x Abu Dhabi, UAESaturday 22 July 2017

GCC single currency should stand on its own

The planned GCC single currency is unlikely to become a key global reserve currency until the countries involved can demonstrate a greater degree of monetary independence, economists say.

The planned GCC single currency is unlikely to become a key global reserve currency until the countries involved can demonstrate a greater degree of monetary independence, economists say. Saudi Arabia, Kuwait, Qatar and Bahrain are debating the most effective exchange-rate regime for the currency following the withdrawal of the UAE and Oman from planned monetary union.

A peg to the US dollar is considered the most likely option for the currency initially. All GCC members except Kuwait peg their currencies to the dollar. "The GCC single currency project clearly demonstrates the region's wish to obtain a status which will allow it to play a role in the international payment system," said Tim Fox, the chief economist at Emirates NBD in Dubai. "Before the GCC can move towards its own floating or semi-floating currency regime it will probably have to demonstrate a greater degree of self-confidence," he said.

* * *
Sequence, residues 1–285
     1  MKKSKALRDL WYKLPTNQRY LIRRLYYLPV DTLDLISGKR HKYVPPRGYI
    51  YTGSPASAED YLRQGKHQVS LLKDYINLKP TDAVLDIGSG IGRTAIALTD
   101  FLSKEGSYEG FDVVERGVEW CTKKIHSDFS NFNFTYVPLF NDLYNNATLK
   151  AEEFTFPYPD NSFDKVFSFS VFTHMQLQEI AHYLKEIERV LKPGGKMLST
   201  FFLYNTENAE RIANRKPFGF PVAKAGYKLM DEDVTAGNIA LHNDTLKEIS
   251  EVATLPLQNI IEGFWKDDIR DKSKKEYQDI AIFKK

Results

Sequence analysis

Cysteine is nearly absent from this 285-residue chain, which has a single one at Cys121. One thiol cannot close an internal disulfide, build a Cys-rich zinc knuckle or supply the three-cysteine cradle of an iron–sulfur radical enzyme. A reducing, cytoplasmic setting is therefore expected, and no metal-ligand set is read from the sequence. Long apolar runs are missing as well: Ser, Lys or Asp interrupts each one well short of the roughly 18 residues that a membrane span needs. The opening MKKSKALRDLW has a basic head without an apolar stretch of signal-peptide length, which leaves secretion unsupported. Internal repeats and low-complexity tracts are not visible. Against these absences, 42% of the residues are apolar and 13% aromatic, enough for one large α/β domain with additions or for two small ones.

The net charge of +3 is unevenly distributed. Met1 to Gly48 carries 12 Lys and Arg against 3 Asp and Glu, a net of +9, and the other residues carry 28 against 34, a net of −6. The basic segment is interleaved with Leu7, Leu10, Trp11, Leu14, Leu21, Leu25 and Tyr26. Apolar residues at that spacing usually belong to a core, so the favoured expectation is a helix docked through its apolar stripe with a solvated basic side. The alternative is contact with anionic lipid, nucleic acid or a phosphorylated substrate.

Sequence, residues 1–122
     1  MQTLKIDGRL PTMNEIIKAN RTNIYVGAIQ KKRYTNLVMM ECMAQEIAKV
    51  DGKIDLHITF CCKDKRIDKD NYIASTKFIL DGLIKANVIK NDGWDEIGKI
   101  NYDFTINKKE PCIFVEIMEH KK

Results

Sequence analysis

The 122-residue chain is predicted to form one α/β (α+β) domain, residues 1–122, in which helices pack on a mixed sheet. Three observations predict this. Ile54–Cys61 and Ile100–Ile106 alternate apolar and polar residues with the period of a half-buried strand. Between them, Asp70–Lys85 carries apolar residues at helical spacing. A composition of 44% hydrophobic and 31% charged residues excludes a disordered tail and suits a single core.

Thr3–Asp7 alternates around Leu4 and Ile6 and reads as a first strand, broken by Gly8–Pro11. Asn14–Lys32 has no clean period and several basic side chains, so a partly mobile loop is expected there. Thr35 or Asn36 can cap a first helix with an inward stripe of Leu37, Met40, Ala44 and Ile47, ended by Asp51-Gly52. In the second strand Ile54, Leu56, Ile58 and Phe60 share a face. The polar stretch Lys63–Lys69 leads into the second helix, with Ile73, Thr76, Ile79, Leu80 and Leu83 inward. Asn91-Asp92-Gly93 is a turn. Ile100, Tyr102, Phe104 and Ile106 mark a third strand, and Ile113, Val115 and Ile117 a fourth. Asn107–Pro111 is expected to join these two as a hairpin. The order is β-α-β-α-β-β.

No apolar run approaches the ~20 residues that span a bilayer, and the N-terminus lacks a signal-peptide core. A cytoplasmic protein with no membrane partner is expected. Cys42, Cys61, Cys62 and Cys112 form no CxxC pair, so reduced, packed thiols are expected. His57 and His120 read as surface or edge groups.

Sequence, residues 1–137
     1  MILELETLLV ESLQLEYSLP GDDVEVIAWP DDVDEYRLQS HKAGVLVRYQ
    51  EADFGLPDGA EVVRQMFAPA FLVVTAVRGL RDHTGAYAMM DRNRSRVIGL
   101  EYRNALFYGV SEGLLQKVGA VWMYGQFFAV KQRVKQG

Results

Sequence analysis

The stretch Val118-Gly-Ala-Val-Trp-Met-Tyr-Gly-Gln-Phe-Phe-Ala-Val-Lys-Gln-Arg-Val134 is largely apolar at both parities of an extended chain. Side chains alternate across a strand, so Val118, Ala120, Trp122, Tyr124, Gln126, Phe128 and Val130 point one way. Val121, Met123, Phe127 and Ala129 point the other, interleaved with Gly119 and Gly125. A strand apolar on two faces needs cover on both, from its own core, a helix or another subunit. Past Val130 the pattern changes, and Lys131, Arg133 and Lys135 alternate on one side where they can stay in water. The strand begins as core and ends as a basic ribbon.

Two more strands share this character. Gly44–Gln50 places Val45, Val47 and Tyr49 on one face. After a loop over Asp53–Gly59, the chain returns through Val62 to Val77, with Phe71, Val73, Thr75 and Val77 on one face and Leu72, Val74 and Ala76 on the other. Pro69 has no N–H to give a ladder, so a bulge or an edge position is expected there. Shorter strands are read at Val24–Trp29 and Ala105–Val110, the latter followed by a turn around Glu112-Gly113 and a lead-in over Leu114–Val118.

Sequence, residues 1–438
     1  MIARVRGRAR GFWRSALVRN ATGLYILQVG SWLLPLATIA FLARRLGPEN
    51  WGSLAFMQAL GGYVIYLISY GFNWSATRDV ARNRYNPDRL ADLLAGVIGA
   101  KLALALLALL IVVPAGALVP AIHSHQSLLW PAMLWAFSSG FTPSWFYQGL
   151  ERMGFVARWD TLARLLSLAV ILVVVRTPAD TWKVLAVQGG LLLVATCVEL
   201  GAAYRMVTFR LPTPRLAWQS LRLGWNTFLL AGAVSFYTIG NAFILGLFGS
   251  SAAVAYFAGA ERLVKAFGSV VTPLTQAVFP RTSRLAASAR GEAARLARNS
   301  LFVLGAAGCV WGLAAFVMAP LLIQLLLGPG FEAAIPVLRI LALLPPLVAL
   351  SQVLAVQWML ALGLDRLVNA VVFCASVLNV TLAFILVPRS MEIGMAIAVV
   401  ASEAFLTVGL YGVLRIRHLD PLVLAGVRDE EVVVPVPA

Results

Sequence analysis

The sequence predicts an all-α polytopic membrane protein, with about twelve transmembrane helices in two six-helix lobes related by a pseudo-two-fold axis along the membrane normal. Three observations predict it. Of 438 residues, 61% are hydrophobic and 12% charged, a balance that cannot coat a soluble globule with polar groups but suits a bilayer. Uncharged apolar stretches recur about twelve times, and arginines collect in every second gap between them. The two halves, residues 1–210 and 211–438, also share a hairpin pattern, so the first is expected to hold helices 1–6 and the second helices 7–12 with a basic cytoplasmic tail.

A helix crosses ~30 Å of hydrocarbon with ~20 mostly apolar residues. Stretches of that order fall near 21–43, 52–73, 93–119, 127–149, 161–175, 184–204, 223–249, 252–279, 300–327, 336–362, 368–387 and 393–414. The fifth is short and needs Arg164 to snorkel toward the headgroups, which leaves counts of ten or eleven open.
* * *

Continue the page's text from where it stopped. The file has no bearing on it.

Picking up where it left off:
The GCC currency needed to become the reference currency for the region or for other Islamic countries to ensure that it became important in the global system, he said. Philippe Dauba-Pantanacce, the senior economist for the MENA region at Standard Chartered Bank, said: "The goal of achieving monetary independence seems very far away. The majority of the countries already have dollar pegs and we know in the short term, it [the union] will keep the dollar peg in place so should not expect a lot of changes in monetary policy."

The other option for the union was to follow the example of Kuwait, which pegged its dinar against a basket of currencies, heavily weighted in dollars, he said. Sultan al Suwaidi, the Central Bank Governor, told Bloomberg last week the UAE remained committed to the concept of a single currency in the region, but the timing remained an issue. A common market should be established before the union, he said.

The UAE withdrew from the currency project in May last year following the selection of the Saudi capital of Riyadh as the location for the headquarters of the Monetary Council, the future central bank. Oman withdrew in 2007. The remaining four states will meet on Tuesday, their first gathering since a board for the Monetary Council was named. They will discuss a time frame for the setting up of a joint central bank and developing a currency regime.

The schedule for establishing the single currency has been pushed back from an original target date of this year. @Email:tarnold@thenational.ae